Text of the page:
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February 25, 1972 - Image 1

Resource type:
Text
Publication:
The Detroit Jewish News, 1972-02-25

Disclaimer: Computer generated plain text may have errors. Read more about this.

0*--a
icor
aspora - Israel
Cooperative Link

(*kir - Record of Allied

_

1C

Annual Detroit conference
Sunday at Jewish Center
to review movement for
- - settlenteitt of Western
Jews in Israel

Jewish. Campaign Leadership

,

uhf i eH igh
School to Have
Course in Hebrew

Pages 26 anal * 27

Story on Page 5

Board of Education

votes unanimously
to introduce Hebrew
language studies to
start in September

Story on Page 3

Tribute to
Dr. Ralph Bunche:
Nobel Prize
Winner Who Might
Have Attained
Peace in the
Middle East

THE JEWISH NEWS

Michigan Weekly

Commentary
Page 2

Review of Jewish News

Michigan's Only English-Jewish Newspaper — Incorporating The Detroit Jewish Chronicle

VOL.

LX, No. 24 , '4""

New Approaches

to Major Tasks in

Assuring Continu;ty

in Our Community's

Education Programs

Editorial, Page 4

17515 W. 9 Mile, Suite 865, Southfield, Mich. 48075 356-8400 $8.00 Per Year; This Issue 25c February 25, 1972

ises in Zio -nism Over ZOA
roanFederation
Protestant Churches Oppose

• -



IL,



'

NEW YORK (JTA)--Tlie Zionist Organization of America has withdrawn as a con
stituent member of the American Zionist Federation, Herman Weisman, president o
-the ZOA, announced Monday. _
The decision to terminate 'the ZOA's association with the Federation and its
CHARLOTTE, N.C. arm — The National Council of Churches,
involvement in Federation activities and affairs was formally adopted in a resolution
passed Sunday by the national executive committee, the ZOA's highest governing body
members, received a report here opposing the
internationaliiition-Of Jerusalern-and- favoringAncreased Palestinian
at an all-day meeting at the New York Hilton, Weisman said.
participation in the control of the city. The reporrivii -iffesented-to----
a meeting of the executive committee of the 250-membe r
"overw e ming consensus" of ZOA leadership from around the coun-
try that 'the-e-ongloite'ratv-upprogreit-of-the-Federation
board.
dilutes. the idealistic and prac-

Internationalized Jerusalem

Originally, it was proposed as a resolution but then it was de-
cided to make it a report which the NCC general board commissioned
for study and debate by local chapters, pending a determination of
policy at the next triennial convention of the NCC.11 Dallas; Tex., in
,December.
mber. The general board held a five-day midwinter meeting here.
The report said that "while we believe. that Jerusalem should be
(Continued on Page 5)

tical role of Zionism and weakens its force and character on the American scene,
man said.
" Weis-
Weis-

Federation. was formed 'in May 1970 as a territorial federation of American
Zionist The
or ganizations.
The ZOA had been a member since the Federation's inception.
The resolution states that the ZOA decided to withdraw after determining that the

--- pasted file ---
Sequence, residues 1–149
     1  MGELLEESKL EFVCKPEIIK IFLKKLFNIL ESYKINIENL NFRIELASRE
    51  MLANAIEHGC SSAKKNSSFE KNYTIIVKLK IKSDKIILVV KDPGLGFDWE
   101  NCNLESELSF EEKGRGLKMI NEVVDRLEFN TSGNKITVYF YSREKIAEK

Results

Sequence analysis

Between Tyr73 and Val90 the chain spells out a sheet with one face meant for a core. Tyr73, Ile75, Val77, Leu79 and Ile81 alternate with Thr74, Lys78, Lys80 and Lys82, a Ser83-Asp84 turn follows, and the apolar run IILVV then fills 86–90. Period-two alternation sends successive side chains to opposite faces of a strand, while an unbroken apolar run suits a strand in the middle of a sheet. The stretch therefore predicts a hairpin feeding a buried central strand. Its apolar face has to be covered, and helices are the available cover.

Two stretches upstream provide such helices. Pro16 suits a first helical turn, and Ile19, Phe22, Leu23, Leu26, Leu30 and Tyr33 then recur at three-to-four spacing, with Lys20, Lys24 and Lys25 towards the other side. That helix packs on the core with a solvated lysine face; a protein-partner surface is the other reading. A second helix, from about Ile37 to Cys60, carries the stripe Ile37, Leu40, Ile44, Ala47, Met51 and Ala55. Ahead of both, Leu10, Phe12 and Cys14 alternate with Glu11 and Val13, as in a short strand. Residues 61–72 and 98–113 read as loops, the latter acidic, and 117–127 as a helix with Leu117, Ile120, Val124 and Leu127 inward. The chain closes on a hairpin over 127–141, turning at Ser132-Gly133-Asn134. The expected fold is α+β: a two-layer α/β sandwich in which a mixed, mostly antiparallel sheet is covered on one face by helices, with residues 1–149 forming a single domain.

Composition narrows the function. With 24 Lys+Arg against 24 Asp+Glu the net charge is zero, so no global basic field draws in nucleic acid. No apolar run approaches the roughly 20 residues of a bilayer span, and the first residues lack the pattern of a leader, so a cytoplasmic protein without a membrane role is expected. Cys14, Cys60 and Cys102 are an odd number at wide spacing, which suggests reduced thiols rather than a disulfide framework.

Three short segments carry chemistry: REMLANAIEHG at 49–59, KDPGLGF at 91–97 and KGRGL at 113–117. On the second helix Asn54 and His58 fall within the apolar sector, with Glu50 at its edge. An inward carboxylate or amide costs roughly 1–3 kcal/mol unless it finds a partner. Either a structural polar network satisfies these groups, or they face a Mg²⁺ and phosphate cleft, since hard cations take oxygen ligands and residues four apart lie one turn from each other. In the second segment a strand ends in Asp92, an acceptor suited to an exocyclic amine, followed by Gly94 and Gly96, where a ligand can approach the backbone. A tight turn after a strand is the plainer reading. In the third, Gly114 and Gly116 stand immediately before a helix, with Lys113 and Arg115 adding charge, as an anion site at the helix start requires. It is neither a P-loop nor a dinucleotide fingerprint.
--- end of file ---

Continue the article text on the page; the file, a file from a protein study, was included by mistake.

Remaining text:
Federation is "committed" to conducting "a wide spectrum of Zionist activities" which
"compete with, disrupt and supplant" important ongoing Zionist activities" traditionally
conducted by the ZOA. Among such programs, the ZOA
cited public affairs, aliya and community relations.
The policies pursued by the Federation, the resolution
declares, "are undermining and, in time, will completely
eliminate this desirable independence and individuality of
existing Zionist organizations, causing irreparable -damage
to the Zionist movement in America."
The resolution also notes that the Federation, "after
expending substantial sums and great effort" to attract per-
sons previously unaffiliated with the Zionist movement, had
enrolled only 79 such members over the past 20 months.

(Continued on Page 6)

Home for Aged Plans Expansion,
13_esumption of New Admissions

Milton R. Mahler, president of the Jewish Home for Aged,
announces that plans to double the capacity of the recently acquired
Jewish Home for the Aged branch on Lahser Rd. are now under way.
Preliminary architectural plans calling for more than 100 beds
and related facilities are already being drawn, although the exact
starting date for construction has yet to be
determined.
The urgency of these additional facili-
ties was established' as a priority in a

special joint committee of the Rome and
the Jewish Welfare Federation. The de-

tailed recommendations have been sub-
mitted for a final approval. Favorable
action to expedite the project is antici-
pated.

Mahler also announced the reopen-
ing of admissions to the Home, toward
which the admissions committee is now
meeting to consider. people on the wait-
, ing lists, and new applications, All
admissions had stopped during the Milton K. Mahler
transition period when the Petoskey facility was being closed,
and the Lahser Rd. facility was being activated.
The admissions committee is giving priority to applications for

Rattle the grager, put on your mask for the masquerade, rejoice — it's Purim time.
When we read the Megila on Monday evening and Tuesday morning, we will reconstruct
anew an historic occasion ". . . these days should be kept and remembered throughout
every generation . . . " (Book of Esther, 9:28).

readmission to the Home, from those residents who were relocated
to other institutions during the phase-out of Petoskey. Nine such
residents have already been readmitted.
Mahler notes the expectation that additional former residents,
who are physically and mentally suited for return to the Home, will
be admitted as soon as space is available.
The main office of the Hcrne is now located at Borman Hall,
19190 W. Seven Mile.
The new Lahser Rd. facility in Southfield is known as Meyer
L. Prentis Manor.

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